Advanced care planning five years on: an observational study of multi-centred service development for children with life-limiting conditions

Title

Advanced care planning five years on: an observational study of multi-centred service development for children with life-limiting conditions

Creator

Martin A E; Beringer A J

Identifier

Publisher

Child: Care, Health and Development

Date

2019

Subject

child and family wishes; advanced care planning; paediatric palliative care; end of life care

Description

BACKGROUND: Advanced planning for end of life care (EOLC) is an essential component of care for children with life-limiting and life threatening (LLLT) conditions. We report the findings of a follow-up study (R2) completed five years after the initial review (R1). Documented advanced care planning (ACP) was measured against published children's palliative care standards. THE PURPOSE: to compare how planning has developed over the five years across a range of children's health care services in a single UK city. METHOD: Manual retrospective review of health care records, using focused data collection. INCLUSION CRITERIA: children who died before the age of 18 years, as a consequence of a LLLT condition, over an 18 month period and had lived locally to a regional children's hospital. RESULTS: The first review (R1) included 48 patients with 114 health care records: median age at death 0 years (range 0 to 18 years). The follow-up review (R2) included 47 patients, with 80 health care records: median age at death 2 years (range 0 to 17 years). The proportion of records containing evidence of a prognostic discussion had risen from 73% (R1) to 91% (R2), p<0.005. The proportion of health care records with ACP was consistent between R1 and R2 (75% and 72% respectively). An ACP tool was found to be in regular use in R2 compared to no examples in R1. The acute hospital trust plans were more detailed in R2 than R1. The proportion of cases where preferred location of death matched actual location was stable, around half. CONCLUSIONS: EOLC conversations increased over the five years studied. In the acute hospital trust, there is evidence of better quality ACP although quantity is stable: enabled by the implementation of an ACP tool and education programme. Challenges remain in engaging children and young people in advanced planning.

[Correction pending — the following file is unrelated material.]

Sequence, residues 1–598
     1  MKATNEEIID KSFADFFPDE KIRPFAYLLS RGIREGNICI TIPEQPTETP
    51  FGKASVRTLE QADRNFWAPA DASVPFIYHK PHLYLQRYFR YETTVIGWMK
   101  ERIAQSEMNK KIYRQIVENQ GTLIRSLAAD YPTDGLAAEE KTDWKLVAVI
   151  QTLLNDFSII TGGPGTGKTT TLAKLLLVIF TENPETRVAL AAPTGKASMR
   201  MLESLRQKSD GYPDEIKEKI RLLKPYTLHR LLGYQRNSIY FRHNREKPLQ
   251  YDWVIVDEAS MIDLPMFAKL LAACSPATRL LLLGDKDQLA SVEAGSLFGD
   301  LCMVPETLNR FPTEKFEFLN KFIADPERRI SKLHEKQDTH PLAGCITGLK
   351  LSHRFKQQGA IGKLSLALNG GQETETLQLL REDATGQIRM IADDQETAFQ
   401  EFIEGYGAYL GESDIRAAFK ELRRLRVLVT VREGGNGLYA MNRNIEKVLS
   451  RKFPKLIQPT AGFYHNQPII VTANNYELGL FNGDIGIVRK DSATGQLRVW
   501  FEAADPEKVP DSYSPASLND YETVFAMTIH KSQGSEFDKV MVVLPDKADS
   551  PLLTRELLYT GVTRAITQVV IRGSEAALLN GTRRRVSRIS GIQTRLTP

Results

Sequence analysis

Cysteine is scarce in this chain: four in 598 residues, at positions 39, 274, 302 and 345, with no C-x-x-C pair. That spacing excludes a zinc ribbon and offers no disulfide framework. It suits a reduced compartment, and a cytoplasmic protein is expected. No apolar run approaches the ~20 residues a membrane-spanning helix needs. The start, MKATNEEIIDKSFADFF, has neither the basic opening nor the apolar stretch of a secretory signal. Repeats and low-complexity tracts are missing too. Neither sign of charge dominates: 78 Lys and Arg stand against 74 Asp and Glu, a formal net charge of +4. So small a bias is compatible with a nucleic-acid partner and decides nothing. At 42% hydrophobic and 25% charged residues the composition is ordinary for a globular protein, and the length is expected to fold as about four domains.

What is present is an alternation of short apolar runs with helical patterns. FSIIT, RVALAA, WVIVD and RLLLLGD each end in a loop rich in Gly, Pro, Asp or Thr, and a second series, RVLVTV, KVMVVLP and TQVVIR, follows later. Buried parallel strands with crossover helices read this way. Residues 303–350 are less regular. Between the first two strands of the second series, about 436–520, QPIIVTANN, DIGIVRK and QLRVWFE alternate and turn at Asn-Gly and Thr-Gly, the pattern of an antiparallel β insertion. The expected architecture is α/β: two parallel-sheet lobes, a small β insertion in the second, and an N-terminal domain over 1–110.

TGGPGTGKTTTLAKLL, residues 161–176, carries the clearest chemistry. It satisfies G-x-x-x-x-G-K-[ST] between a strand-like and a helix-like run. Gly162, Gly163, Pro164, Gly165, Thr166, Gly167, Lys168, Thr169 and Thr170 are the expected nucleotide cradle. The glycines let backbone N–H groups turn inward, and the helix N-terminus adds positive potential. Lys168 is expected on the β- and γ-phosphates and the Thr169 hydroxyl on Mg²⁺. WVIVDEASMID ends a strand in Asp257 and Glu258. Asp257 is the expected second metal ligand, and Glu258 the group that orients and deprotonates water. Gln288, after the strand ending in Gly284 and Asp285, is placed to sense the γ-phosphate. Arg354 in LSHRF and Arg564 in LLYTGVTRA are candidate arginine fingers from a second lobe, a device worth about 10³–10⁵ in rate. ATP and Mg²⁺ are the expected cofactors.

Rights

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Citation List Month

March 2019 List

Collection

Citation

Martin A E; Beringer A J, “Advanced care planning five years on: an observational study of multi-centred service development for children with life-limiting conditions,” Pediatric Palliative Care Library, accessed December 3, 2021, https://pedpalascnetlibrary.omeka.net/items/show/16106.

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